Saturday, January 29, 2011

Taking Freedom Seriously

One of the most important aspects of the demonstrations going on in countries across the Middle East has been that people are willing to challenge tyrannical governments through protest. In Tunisia, Egypt, Yemen, and Lebanon, thousands of people are coming out en masse to protest their governments’ actions. These mass demonstrations have already toppled the regime of President Zine El Abidine Ben Ali of Tunisia on January 14th and are having a dramatic impact on President Hosni Mubarak’s Egypt. But why, after all these years, have people started to protest? Are protests an effective way to bring about positive change? And what implications does this have for other tyrannical regimes in the Middle East?

These protests have generally been explained as mass uprisings by lay people who are fed up with living under despotic and sclerotic governments. Some commenters have explained that the roots of these crises are people’s desire for freedom. Others have argued that these protests have a material basis, and that what people really want are jobs and lower prices for staple goods. A debate rages on about whether these protests are primarily about political liberty or economic security. Although it is unclear which of the two factors is more important, what is preeminently clear is that both of this issues matter and that there is tremendous dissatisfaction within the body politic.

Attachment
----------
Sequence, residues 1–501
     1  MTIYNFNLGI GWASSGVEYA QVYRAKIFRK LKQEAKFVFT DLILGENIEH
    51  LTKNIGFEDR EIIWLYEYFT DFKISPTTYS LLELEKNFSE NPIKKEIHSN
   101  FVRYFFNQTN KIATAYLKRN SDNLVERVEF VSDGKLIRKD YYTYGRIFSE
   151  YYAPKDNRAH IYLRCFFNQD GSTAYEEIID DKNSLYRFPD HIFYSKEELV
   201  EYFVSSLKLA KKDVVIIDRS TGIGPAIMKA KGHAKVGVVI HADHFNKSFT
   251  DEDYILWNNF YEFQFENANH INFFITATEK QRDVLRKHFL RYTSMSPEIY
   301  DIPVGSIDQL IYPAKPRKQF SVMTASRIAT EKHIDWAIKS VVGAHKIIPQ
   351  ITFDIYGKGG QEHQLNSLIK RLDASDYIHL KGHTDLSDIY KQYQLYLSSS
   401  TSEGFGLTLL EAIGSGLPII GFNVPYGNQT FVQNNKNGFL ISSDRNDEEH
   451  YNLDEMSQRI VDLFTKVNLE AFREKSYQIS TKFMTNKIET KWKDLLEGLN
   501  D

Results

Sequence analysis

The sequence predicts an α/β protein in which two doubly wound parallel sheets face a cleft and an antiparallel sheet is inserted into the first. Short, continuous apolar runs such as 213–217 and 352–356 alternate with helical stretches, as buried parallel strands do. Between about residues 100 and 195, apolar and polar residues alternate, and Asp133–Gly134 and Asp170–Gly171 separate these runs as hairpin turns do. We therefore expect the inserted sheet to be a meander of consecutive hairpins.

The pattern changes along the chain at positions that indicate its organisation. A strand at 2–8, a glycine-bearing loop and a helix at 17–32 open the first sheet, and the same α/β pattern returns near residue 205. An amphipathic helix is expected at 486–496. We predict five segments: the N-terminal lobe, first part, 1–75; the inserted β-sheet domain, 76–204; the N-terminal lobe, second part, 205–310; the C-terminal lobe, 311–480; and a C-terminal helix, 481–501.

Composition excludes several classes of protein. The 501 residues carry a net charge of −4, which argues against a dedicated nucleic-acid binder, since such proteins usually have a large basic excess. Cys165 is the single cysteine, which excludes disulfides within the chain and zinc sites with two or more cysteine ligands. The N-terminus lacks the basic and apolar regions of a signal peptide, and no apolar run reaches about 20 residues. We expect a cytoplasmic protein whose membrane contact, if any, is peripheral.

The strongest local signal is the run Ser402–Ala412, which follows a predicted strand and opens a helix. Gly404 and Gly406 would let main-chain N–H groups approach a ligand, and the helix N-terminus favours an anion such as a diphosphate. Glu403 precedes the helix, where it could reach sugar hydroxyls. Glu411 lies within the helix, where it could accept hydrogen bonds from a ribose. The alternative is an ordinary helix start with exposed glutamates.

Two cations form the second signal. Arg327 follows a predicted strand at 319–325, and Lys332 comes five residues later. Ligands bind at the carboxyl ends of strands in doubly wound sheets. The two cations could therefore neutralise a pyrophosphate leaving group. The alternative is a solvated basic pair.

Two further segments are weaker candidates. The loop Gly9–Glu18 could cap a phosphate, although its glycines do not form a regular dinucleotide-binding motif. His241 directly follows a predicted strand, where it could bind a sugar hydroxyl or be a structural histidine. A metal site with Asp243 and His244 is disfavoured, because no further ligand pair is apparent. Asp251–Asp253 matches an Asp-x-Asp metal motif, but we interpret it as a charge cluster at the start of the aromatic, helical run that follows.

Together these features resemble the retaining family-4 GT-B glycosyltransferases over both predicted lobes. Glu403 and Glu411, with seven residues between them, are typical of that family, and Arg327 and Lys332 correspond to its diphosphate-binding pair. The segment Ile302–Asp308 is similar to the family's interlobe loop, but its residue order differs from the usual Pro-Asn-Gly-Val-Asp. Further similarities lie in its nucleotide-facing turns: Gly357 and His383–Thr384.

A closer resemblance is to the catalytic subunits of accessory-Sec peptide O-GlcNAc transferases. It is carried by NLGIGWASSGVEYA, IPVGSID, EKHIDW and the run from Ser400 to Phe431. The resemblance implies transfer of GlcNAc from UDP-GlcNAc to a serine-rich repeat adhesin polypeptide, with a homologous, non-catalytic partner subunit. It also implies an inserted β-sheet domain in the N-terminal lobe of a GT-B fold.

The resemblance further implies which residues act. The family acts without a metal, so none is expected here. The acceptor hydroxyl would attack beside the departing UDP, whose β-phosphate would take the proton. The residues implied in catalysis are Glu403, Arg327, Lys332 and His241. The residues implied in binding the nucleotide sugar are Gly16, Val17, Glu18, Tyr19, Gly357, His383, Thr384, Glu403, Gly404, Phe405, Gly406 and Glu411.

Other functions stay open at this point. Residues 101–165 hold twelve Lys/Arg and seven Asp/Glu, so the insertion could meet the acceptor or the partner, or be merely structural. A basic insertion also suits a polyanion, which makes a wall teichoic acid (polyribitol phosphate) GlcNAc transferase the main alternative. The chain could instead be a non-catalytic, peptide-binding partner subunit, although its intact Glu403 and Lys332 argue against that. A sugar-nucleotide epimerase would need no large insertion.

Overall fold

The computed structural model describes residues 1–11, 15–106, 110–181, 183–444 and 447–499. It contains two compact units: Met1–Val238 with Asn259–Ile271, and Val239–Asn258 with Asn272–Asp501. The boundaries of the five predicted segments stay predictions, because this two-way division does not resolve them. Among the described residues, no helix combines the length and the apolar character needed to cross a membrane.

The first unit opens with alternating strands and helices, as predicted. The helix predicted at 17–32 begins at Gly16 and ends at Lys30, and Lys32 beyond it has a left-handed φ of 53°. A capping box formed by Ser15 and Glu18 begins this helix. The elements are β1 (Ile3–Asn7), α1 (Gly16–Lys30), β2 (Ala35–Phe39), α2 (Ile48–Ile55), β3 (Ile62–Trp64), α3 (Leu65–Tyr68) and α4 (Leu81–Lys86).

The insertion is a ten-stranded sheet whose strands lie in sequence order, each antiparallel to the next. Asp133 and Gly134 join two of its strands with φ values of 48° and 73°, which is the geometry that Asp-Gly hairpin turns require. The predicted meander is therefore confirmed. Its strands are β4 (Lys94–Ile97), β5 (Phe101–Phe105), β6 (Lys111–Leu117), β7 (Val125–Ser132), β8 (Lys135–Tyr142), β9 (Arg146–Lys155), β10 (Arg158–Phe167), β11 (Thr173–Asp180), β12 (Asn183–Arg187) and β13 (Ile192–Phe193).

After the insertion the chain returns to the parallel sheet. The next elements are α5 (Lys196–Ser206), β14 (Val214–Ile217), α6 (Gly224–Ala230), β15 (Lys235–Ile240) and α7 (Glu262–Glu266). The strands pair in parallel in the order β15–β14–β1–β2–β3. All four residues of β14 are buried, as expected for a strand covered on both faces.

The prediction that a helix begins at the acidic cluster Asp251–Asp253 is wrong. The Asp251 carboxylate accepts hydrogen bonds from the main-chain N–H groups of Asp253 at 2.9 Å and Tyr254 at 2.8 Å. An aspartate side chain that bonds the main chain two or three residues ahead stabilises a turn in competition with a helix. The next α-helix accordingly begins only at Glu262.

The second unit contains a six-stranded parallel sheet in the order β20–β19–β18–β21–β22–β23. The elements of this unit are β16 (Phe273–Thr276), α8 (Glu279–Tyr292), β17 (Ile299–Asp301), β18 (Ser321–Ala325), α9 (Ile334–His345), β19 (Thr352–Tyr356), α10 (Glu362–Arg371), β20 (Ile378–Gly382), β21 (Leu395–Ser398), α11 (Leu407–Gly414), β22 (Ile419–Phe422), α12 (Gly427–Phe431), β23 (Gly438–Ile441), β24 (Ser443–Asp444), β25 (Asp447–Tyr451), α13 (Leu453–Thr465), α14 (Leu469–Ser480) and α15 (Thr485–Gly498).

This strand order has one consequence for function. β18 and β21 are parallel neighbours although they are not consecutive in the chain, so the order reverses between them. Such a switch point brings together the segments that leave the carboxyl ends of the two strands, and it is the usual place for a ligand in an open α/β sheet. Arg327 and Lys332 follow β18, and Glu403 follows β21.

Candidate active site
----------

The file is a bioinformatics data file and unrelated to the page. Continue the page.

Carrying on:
But can protests bring about positive change? The answer again is unclear. There are examples of protests that have led to successful revolutions. For example, American colonists protested British taxation policies which, in turn, led to the successful America Revolution. More recently, decolonization across the world has led to the development of dozens of new countries. Hundreds of millions of people in Africa and Asia have been living in independent states for several decades now with mixed results. Some of these societies—like Malaysia—have prospered and are developing rapidly. Unfortunately, many other postcolonial societies ended up with regimes as tyrannical—if not worse—than their former colonial masters. However, what will ultimately determine the success or failure of these current protests is the degree to which these popular mass movements can gain control of the institutions of power in society and use these institutions for the greater good.

All of this suggests a complex future for the states across the Middle East. Countries like Egypt, with an unpopular government backed by the US, will have to reform or face revolution. At this point, however, it seems that incremental reform has become impossible. With protesters out in force from Cairo to Beriut and everywhere in between, we are entering a new chapter in the history of the modern Middle East. Tyrannical regimes in the region should be worried because they will have to answer to their people. It is my hope that the people of the region will reshape their states and create better societies for their own future.

I am encouraged by the fact that people across the Middle East are protesting and challenging tyranny. Far too often, people are cowed by traditional power-elites and do not take their freedom seriously. So I tip my hat to my brothers and sisters across the Middle East and support their peaceful fight for freedom. Liberté, égalité, fraternité for all!